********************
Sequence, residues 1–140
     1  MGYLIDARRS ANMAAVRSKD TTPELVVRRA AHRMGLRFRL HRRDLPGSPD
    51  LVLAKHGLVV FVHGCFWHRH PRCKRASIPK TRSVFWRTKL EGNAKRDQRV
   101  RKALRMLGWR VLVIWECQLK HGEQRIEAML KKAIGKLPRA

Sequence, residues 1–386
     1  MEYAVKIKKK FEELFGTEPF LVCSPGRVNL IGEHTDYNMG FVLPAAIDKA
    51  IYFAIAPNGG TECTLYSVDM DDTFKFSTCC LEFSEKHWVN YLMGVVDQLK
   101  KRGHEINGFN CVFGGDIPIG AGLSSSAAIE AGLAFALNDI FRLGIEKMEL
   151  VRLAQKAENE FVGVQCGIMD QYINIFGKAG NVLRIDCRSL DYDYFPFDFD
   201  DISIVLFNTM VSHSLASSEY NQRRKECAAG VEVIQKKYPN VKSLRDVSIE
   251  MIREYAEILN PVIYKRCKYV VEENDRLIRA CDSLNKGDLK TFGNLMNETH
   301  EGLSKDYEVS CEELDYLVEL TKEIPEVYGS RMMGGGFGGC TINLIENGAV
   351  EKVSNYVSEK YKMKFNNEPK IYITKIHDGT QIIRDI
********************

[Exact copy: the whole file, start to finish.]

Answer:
Sequence, residues 1–140
     1  MGYLIDARRS ANMAAVRSKD TTPELVVRRA AHRMGLRFRL HRRDLPGSPD
    51  LVLAKHGLVV FVHGCFWHRH PRCKRASIPK TRSVFWRTKL EGNAKRDQRV
   101  RKALRMLGWR VLVIWECQLK HGEQRIEAML KKAIGKLPRA

Sequence, residues 1–386
     1  MEYAVKIKKK FEELFGTEPF LVCSPGRVNL IGEHTDYNMG FVLPAAIDKA
    51  IYFAIAPNGG TECTLYSVDM DDTFKFSTCC LEFSEKHWVN YLMGVVDQLK
   101  KRGHEINGFN CVFGGDIPIG AGLSSSAAIE AGLAFALNDI FRLGIEKMEL
   151  VRLAQKAENE FVGVQCGIMD QYINIFGKAG NVLRIDCRSL DYDYFPFDFD
   201  DISIVLFNTM VSHSLASSEY NQRRKECAAG VEVIQKKYPN VKSLRDVSIE
   251  MIREYAEILN PVIYKRCKYV VEENDRLIRA CDSLNKGDLK TFGNLMNETH
   301  EGLSKDYEVS CEELDYLVEL TKEIPEVYGS RMMGGGFGGC TINLIENGAV
   351  EKVSNYVSEK YKMKFNNEPK IYITKIHDGT QIIRDI